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4th March 2024 (14 Topics)

India eye critical minerals mining in Sri Lanka, Australia


The Ministry of Mines hosted two meetings with industry stakeholders in January to discuss opportunities for the mining of critical minerals by Indian companies in Sri Lanka and Australia. These meetings were organised in line with the ministry’s broader push to strengthen India’s critical minerals supply chain through the acquisition of overseas mineral assets.

1: Dimension: Need:

  • India’s international commitments towards reducing carbon emissions, which require the country to urgently relook at its mineral requirements for energy transition and net-zero commitments.
  • Critical Minerals forms part of multiple strategic value chains, including clean technologies initiativessuch as zero-emission vehicles, wind turbines, solar panels; information and communication technologies, including semiconductors; and advanced manufacturing inputs and materials such as defence applications, permanent magnets, and ceramics.

2: Dimension: Major concerns globally and for India:

  • Dependence on China: If India is not able to explore and produce these minerals, it will have to depend on other countries, including China, to power its energy transition plans to electric vehicles.
  • Lack of Expertise: the reason India would not have found a place in the Minerals Security Partnership grouping is because the country does not bring any expertise to the table.
  • Difficult to mine: Although they are more abundant than their name implies, they are difficult and costly to mine and process cleanly.
  • Monopoly of few: Most of the reserves being present in few nations causes problems for most of the world because of the concentration of reserves in the hands of few countries.
  • Supply Chain: Forming forward and backward supply chains will create problems when the reserves are mostly limited to one country.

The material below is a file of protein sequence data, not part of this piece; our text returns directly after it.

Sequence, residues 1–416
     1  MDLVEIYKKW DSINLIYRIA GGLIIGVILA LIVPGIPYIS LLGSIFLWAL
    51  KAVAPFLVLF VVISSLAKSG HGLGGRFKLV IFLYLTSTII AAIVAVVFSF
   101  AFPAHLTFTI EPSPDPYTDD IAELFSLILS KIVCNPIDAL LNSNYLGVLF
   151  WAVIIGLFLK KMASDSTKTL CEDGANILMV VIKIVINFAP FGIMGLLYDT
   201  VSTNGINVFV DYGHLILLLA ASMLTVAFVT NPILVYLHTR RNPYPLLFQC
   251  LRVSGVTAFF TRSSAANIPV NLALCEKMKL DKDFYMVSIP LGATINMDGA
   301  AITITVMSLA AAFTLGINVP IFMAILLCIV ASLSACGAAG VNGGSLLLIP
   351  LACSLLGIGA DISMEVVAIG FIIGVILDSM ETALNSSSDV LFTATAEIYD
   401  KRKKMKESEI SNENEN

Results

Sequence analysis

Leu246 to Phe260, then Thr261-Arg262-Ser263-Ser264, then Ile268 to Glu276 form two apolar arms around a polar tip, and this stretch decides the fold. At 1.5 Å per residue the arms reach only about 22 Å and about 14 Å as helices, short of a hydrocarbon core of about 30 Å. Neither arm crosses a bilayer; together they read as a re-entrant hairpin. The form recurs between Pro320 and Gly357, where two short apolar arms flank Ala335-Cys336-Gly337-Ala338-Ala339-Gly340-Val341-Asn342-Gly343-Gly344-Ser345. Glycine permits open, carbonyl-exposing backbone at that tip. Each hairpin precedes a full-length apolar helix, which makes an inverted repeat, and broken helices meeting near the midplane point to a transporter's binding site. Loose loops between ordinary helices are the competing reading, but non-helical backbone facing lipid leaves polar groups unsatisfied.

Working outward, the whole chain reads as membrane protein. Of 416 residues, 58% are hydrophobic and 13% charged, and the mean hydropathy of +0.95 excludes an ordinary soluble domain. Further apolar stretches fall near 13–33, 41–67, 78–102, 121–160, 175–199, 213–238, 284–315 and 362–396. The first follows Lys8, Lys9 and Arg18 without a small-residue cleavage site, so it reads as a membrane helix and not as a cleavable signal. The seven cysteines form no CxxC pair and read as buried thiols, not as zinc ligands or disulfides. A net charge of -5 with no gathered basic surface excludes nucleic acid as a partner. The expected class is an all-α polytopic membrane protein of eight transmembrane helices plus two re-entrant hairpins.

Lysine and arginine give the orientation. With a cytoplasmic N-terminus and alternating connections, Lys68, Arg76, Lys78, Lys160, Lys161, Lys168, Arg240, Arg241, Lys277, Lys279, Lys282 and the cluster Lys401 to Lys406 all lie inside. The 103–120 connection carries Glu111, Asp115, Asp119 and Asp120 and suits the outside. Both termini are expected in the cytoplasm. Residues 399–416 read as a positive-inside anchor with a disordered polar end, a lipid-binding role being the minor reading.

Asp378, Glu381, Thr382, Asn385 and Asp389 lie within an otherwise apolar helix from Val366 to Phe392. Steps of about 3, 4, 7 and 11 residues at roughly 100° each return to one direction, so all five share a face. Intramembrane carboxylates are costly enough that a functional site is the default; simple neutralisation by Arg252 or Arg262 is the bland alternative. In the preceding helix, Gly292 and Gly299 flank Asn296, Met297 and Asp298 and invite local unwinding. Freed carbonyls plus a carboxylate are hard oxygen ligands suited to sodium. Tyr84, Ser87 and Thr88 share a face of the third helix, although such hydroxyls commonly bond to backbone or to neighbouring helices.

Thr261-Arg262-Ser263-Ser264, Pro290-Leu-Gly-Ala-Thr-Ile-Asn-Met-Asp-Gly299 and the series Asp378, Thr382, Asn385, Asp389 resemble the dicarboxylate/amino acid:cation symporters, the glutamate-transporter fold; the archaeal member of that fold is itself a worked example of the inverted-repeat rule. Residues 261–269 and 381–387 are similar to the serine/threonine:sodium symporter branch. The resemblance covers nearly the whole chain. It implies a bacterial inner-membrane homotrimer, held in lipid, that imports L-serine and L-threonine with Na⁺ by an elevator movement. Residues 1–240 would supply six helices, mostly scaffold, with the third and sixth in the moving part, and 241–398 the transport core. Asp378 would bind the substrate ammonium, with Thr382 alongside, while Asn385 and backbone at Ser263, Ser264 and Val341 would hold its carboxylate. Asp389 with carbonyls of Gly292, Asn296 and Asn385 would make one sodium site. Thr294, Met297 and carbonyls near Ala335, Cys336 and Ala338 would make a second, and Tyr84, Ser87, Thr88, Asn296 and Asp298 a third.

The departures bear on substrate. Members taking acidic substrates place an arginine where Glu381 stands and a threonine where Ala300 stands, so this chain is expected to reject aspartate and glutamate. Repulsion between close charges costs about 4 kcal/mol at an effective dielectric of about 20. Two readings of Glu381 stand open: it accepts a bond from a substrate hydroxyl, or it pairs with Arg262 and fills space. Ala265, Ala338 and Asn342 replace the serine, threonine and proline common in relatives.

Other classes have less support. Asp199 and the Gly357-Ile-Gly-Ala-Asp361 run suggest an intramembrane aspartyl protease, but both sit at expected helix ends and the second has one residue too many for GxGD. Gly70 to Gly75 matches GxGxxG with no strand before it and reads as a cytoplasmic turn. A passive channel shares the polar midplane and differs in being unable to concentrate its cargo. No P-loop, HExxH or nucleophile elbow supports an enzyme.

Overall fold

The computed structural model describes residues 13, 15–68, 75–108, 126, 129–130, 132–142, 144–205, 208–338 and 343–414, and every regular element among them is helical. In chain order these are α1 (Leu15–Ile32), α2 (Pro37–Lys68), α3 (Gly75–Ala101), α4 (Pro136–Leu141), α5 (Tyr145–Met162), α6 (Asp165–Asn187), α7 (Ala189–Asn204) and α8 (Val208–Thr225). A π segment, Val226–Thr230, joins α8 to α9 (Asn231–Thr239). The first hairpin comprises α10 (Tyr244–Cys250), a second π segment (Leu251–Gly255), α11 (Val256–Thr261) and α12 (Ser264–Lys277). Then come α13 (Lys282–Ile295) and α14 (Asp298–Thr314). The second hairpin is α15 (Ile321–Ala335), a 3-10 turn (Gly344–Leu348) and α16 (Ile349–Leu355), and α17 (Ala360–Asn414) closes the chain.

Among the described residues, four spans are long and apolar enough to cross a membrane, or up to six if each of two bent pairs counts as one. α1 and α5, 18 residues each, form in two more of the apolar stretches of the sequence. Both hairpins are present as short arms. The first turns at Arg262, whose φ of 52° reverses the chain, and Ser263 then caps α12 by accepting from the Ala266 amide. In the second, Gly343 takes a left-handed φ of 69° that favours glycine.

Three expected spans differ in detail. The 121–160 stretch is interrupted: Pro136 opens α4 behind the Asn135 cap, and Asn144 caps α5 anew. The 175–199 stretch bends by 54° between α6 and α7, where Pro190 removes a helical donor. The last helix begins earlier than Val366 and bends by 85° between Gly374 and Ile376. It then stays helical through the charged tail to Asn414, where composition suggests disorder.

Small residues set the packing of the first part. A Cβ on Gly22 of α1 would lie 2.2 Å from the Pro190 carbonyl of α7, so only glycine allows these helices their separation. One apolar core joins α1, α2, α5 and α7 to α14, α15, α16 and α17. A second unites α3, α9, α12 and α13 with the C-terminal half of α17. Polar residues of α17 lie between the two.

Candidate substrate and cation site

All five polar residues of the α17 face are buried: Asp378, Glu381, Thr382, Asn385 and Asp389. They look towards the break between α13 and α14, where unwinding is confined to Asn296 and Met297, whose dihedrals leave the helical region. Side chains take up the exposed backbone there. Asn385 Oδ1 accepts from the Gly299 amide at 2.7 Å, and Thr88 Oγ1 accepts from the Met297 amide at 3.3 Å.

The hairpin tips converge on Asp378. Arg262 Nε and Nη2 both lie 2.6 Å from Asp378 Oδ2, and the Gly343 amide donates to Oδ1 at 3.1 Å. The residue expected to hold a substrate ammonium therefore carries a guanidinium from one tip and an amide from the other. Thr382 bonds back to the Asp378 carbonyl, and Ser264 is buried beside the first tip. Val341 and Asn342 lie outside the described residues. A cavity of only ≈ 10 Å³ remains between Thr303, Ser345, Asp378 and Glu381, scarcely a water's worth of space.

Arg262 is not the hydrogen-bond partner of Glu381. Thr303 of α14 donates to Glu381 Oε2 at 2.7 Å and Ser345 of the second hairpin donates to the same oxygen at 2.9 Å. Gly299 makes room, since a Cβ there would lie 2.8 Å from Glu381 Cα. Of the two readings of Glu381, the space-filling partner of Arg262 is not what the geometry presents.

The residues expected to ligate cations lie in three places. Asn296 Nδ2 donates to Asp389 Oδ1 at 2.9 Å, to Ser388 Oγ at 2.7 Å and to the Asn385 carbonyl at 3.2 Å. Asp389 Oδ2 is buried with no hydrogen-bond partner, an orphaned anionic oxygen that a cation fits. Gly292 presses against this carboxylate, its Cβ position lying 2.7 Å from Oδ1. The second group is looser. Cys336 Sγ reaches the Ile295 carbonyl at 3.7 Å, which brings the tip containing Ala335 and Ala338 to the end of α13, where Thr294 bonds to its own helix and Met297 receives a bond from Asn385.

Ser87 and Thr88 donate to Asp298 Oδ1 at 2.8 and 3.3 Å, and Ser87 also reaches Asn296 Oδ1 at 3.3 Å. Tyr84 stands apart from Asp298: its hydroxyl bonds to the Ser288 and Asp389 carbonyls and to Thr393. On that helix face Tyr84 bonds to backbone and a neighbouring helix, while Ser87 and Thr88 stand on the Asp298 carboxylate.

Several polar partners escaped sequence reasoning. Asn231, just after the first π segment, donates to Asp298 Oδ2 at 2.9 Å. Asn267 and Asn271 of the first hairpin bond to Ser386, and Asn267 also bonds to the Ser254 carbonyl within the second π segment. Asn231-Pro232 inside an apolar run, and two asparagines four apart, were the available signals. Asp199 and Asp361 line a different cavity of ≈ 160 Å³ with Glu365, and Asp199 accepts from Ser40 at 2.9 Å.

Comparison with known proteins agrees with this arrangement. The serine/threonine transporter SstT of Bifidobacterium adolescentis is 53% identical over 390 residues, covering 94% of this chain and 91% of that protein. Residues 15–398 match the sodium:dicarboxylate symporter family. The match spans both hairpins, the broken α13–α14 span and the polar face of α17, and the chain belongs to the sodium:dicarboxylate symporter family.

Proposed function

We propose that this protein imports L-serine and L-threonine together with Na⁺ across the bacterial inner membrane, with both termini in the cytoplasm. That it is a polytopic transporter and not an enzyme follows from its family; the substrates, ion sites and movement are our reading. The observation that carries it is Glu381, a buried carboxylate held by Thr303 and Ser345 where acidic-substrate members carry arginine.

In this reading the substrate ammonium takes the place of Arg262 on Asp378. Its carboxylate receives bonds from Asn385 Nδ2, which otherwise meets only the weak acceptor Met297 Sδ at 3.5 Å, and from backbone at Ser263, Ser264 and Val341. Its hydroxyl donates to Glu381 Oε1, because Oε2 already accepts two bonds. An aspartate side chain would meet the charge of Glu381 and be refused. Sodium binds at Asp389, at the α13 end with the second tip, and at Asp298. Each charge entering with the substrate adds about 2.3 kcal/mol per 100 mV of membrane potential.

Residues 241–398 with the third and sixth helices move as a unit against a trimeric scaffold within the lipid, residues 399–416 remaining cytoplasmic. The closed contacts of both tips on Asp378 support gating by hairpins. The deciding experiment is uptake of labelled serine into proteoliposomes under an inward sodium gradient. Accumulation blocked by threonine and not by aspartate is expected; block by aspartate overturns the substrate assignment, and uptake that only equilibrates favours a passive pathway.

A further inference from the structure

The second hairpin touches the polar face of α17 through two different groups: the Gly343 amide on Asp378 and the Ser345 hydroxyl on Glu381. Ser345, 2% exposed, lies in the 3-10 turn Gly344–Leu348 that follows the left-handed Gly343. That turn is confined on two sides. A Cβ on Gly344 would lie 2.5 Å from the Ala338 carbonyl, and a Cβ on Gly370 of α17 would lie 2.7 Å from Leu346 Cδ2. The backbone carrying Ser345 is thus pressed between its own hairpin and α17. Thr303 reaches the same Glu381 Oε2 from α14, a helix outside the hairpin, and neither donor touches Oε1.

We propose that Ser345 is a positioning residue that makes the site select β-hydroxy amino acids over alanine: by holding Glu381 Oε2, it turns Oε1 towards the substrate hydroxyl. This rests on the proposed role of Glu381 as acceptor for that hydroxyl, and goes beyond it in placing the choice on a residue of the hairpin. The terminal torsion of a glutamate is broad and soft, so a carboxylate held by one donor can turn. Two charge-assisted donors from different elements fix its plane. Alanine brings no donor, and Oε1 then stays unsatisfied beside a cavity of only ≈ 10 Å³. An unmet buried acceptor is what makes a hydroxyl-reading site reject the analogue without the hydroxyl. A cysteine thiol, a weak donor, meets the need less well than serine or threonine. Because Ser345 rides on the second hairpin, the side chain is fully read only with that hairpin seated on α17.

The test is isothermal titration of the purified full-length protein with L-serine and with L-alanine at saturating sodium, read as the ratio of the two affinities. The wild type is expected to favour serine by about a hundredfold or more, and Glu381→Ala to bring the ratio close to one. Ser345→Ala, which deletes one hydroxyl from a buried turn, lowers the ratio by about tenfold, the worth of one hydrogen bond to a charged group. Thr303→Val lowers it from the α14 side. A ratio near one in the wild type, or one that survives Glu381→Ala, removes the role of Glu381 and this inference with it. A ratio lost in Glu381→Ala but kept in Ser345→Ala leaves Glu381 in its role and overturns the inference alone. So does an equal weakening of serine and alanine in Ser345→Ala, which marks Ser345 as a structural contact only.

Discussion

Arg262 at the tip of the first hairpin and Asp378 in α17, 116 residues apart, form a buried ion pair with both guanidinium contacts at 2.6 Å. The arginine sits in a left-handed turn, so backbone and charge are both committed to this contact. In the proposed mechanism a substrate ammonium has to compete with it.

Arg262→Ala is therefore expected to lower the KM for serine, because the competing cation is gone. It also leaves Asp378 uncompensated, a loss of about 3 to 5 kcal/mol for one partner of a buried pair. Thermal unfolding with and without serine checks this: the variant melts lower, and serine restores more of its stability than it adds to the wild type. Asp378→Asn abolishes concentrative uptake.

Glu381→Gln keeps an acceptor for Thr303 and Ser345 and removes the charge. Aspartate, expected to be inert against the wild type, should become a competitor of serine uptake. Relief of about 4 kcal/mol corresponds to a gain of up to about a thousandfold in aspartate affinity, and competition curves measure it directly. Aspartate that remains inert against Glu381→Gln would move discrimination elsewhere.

• Environmental Impact: The chief concern is that the rare earth elements are bound up in mineral deposits with the low-level radioactive element thorium, exposure to which has been linked to an increased risk of developing lung, pancreatic, and other cancers.
  • Capital-Intensive:The mining and extraction processes are capital-intensive and consumes large amounts of energy.
  • Health hazards: The mining of these minerals releases toxic by-products which are harmful for the environment and human health.

Fact Box

India’s position on Critical minerals:

  • Though India has 6% of the world’s rare earth reserves, it only produces 1% of global output, and meets most of its requirements of such minerals from China.
  • In 2018-19, for instance, 92% of rare earth metal imports by value and 97% by quantity were sourced from China.
  • In India, monazite and thorium is the principal source of rare earths.

Critical Minerals in major economies:

  • The US has declared 50 minerals critical in light of their role in national security or economic development.
  • The UK considers 18 minerals critical, the European Union has declared 34 minerals critical, and Canada and Japan 31 each.
  • Australia has 26 critical minerals.
  • India-Australia Critical Minerals Investment Partnership: India and Australia recently decided to strengthen their partnership in the field of projects and supply chains for critical minerals. Australia will commit 5.8 million dollars to the three-year India-Australia Critical Minerals Investment Partnership.

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